Oshie honed his shootout skills as an elite high school talent in Warroad. His grandfather, Buster Oshie, helped Warroad to the 1948 state hockey tournament, but much of the Oshie family moved to Everett, Wash., in the early 1960s after a tragic house fire badly injured Buster and claimed the life of his sister.
T.J. was born in Washington but moved to Warroad as a teenager at the urging of his second cousin, Minnesota hockey legend Henry Boucha.
“I call him Uncle Henry,” Oshie said. Boucha proudly points out their great-great-great grandfathers were brothers who grew up with an Ojibwe band in Buffalo Point, Manitoba, which is six miles from Warroad by water on Lake of the Woods.
Boucha led Warroad to a state hockey tournament, played on the 1972 Olympic team that won a silver medal and was inducted into the U.S. Hockey Hall of Fame in 1995.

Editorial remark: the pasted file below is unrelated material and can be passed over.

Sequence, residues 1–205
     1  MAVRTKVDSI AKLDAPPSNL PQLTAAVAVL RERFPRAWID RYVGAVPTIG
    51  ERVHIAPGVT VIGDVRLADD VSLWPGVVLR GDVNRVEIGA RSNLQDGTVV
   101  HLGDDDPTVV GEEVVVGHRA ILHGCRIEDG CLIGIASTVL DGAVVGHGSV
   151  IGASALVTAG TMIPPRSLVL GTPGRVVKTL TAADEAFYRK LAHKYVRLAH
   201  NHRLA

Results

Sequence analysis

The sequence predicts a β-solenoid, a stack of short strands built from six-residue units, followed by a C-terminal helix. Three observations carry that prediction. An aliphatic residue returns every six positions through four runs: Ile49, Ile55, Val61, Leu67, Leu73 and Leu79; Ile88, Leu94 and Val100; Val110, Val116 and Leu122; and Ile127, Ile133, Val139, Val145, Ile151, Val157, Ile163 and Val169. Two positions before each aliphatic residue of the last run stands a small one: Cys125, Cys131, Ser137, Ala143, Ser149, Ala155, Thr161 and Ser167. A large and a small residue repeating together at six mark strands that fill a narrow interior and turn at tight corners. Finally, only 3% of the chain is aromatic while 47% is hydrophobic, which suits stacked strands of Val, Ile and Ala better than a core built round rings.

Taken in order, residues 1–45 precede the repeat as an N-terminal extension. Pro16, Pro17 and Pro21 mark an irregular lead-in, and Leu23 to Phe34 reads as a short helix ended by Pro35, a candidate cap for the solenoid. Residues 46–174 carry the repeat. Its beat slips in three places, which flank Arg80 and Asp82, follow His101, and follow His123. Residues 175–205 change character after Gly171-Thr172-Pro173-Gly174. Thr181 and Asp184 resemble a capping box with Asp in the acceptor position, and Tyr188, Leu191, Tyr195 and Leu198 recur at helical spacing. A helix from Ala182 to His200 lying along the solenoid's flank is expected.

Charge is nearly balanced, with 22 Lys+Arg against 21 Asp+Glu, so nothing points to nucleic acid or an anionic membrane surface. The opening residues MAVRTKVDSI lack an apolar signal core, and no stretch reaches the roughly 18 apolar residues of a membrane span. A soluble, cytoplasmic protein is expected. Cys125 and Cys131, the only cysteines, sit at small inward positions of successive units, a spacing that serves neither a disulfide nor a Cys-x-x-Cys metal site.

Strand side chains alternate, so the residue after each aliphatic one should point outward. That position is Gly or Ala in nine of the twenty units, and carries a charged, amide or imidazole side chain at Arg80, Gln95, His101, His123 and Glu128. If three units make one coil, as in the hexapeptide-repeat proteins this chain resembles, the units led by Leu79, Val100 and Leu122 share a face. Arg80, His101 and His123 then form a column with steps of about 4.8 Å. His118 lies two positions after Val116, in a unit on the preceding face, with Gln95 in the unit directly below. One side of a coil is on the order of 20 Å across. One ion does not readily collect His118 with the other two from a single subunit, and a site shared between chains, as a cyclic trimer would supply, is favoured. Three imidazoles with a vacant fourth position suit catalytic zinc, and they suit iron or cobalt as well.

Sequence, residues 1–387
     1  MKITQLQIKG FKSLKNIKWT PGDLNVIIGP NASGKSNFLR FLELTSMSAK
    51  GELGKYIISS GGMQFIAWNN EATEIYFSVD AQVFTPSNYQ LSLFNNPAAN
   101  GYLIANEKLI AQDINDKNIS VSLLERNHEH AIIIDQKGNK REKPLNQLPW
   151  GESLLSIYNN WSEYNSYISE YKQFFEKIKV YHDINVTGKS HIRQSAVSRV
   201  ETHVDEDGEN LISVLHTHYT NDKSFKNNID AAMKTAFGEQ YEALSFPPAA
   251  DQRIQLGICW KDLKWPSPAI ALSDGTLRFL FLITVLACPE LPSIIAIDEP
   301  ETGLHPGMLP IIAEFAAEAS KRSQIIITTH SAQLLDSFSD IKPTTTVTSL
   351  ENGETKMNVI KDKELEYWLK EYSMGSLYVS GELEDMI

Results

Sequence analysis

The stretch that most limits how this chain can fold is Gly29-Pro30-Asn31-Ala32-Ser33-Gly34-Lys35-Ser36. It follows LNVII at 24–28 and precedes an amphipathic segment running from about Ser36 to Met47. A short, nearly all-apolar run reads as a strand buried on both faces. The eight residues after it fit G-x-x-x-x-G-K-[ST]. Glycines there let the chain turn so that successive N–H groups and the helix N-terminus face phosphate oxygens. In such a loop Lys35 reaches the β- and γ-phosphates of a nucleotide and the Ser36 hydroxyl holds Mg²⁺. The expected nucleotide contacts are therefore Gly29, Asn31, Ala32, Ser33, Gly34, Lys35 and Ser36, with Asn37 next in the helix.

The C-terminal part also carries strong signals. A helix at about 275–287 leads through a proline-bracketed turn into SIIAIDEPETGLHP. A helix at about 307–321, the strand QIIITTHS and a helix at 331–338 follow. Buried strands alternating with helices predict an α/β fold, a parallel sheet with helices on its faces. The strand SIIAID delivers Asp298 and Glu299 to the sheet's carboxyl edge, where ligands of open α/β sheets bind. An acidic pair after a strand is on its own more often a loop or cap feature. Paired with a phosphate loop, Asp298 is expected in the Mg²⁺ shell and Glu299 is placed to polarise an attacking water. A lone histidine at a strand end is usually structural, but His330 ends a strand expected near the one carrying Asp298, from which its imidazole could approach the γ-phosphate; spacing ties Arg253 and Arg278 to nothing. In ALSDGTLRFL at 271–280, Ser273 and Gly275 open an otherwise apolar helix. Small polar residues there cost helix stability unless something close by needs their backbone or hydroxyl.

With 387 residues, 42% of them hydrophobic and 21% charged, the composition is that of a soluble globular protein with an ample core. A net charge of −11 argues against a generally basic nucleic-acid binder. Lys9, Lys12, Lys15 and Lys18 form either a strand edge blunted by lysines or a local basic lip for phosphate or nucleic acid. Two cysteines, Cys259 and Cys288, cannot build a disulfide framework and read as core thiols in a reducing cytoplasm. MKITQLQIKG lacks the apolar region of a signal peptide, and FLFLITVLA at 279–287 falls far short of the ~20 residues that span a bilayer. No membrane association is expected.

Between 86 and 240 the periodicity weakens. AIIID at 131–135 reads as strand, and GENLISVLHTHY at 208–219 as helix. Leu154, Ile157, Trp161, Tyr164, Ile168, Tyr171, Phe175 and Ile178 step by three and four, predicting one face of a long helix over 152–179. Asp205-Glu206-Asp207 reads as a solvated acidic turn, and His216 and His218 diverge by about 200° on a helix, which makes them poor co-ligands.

“I remember we went out there and visited his house when I was 10 years old and that’s when I started falling in love with Warroad,” Oshie said.
Boucha worked at hockey schools in Everett run by Oshie’s father, Tim, and said he could tell T.J. had special talent when was only 5 years old.
“He could already see the ice, he was an exceptional skater and he just loved the game,” Boucha said Tuesday from Warroad. “I talked to Tim and said, ‘You should move back. Here in Warroad, we got free ice time, you can skate all you want, everyone has a rink, you can skate on the river.’ He could play hockey all day.”
In terms of Oshie’s development, Boucha said he will only take credit for helping the family relocate in 2002 to Warroad, which offered a rich hockey history. He said Oshie made himself a great player “by being a rink rat.”
But even Boucha marveled at Oshie’s performance in that shootout.
“I would have been a nervous wreck,” Boucha said. “I couldn’t have done it. It was his moment, his time. He didn’t look nervous out there at all.”
Staff writer Chris Miller contributed to this report.